Back to Basics and a Masterclass.
It is Christmas eve, the wind is rising to storm force, the surf is pounding the beach and there are squalls of sleet hurtling past the window. Strangely the croft kitchen is quiet, the larder overflowing and even if we could squeeze in another culinary delight more baking would be a risky enterprise, as there is a high probability of yet another power cut. So far this month we have only managed two gardening days, otherwise it has been too wet and windy to venture farther than the shed to fetch logs or raid the vegetable and preserves store. Four big storms with winds gusting above 80 mph in 3 weeks is extreme even for the Outer Isles.
Filling the days is not a problem, but there are afternoons when we gaze longingly out of the window and sigh for a walk on the beach or session hard labour in the garden. As an alternative there is hard graft in the kitchen, although improving my baking skills is more of an indulgence, even if at times there are both blood and tears.
As usual the croft kitchen has been full of spicy aromas with dark undertones of dried fruit and molasses sugar and the heady fumes of Christmas spirit. There were also some demons to slay as I had vowed there would not be a repeat of last years extravaganzas. First the gingerbread men – with ruthless determination I blew the dust off the old recipe and assembled the ingredients, I was ready. In the shake of a snow globe, there were 36 perfect gingerbread biscuits. Self-esteem restored was I confident enough to try some patisserie or would hubris be humbling? Not for me the basic Bakewell, but tarte amandine aux pruneaux!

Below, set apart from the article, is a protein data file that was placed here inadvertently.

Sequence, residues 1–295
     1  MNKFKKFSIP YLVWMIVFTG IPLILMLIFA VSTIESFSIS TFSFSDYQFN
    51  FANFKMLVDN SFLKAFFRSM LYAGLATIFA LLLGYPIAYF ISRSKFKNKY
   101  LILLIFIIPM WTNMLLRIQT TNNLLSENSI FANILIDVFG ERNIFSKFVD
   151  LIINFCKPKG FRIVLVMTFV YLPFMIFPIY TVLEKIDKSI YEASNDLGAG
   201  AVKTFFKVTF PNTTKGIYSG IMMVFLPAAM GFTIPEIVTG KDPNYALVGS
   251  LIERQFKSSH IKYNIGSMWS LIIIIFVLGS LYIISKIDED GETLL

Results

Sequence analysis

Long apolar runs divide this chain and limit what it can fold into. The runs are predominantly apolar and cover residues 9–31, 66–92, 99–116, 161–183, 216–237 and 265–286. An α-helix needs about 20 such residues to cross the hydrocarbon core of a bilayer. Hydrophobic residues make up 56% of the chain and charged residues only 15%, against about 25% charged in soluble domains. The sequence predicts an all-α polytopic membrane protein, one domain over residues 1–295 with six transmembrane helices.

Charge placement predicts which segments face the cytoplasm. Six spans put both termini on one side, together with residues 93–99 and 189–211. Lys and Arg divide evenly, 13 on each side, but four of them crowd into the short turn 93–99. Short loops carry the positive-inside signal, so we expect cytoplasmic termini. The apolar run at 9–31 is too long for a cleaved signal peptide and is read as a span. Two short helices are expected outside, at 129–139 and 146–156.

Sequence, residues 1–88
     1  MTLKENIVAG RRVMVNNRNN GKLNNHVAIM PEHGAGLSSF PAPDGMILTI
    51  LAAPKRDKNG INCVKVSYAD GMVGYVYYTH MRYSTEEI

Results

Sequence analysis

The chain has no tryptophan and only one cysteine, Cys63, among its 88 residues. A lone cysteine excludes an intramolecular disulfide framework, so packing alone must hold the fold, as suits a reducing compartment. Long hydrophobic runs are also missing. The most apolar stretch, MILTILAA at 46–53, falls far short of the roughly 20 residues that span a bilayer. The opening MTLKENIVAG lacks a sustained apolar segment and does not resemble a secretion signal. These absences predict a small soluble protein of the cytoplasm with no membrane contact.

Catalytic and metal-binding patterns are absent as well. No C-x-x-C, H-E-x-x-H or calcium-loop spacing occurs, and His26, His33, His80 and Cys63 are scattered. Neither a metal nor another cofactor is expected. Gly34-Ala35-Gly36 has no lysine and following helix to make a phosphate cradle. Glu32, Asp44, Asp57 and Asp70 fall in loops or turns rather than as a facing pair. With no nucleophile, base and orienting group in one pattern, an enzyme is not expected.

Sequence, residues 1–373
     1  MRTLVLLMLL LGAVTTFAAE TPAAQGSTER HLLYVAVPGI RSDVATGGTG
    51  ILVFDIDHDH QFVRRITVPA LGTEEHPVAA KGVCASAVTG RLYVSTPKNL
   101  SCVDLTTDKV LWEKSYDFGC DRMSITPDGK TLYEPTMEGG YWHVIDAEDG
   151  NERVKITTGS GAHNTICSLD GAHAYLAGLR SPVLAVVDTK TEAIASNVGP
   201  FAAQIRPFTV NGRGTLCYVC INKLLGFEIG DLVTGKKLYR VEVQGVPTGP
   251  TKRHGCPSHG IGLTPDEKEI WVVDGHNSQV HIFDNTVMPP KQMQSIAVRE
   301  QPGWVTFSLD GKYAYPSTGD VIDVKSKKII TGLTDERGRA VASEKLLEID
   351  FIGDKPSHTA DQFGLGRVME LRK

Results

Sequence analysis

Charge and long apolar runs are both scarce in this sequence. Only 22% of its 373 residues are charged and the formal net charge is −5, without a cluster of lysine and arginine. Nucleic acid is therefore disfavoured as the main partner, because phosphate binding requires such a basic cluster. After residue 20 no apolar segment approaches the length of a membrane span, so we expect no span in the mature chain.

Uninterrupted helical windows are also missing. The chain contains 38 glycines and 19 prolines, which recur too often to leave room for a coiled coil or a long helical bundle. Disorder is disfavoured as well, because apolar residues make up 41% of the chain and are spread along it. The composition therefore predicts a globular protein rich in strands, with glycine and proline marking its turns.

I was taught to make pastry by my mother, very basic, very simple and in times of austerity there were no fancy additions and certainly nothing as extravagant as butter and eggs. You rubbed the fat into the flour (usually a mixture of lard and margarine) to the fine breadcrumbs stage, by hand of course, added the required amount of water to make a dough, rolled it out and that was it. This method produced perfectly mediocre edible and rather grey pastry. With affluence and experience I moved onto to more complex recipes including what my mother refers to as “the posh fancy bits” but I must confess that it is often made in a food processor and “resting” tends to be minimal. So I was probably in need of a “back to basics refresher course” with a chef pâtissier.
My style of cooking tends to be more Prue Leith than Roux brothers, rustic with no frills. However, when it comes to bread and pastry techniques, it could only be Richard Bertinet who could sort out a lifetime’s bad habits. So in a clean apron, ingredients assembled and the kitchen surgically scrubbed, book in hand and a steely glint in the eye, I was ready. Two days later, I had produced 8 prune and almond tarts and not a soggy bottom amongst them. With a combination of almond paste and prunes soaked in brandy the filling had to be delicious. As for the pastry, it was crisp and buttery, but perhaps a little too sweet for me. Certainly worth the time and effort for something special, it is just a case of being sufficiently organised to allow time for the resting. There is also something very satisfying about making pastry by hand.
Now for the Kringle. I decided to rest on my laurels and let my own personal chef give me a masterclass. From panettonne to stollen, there are a number of enriched breads which are a traditional part of European Christmas cooking. So I didn’t get a kringle but a couronne, which is the French version. The magic combination of dried fruit, muscovado sugar and almonds is sublime and wrapped in a light buttery case is gourmande heaven. Not sure if I’m ready for this level of technical baking yet, so I’ll stick to perfecting the perfect pastry.
This year my sister declared that civilisation was coming to an end when I confessed I’d not made a Christmas cake, pudding or mincemeat. I have been experimenting with slightly lighter cakes and puddings, still involving the traditional mixtures of Christmas spices and fruit but more prima ballerina than sumo wrestler. Tarte amandine aux pruneaux is delicious, but it can’t really compete with an old-fashioned mince pie.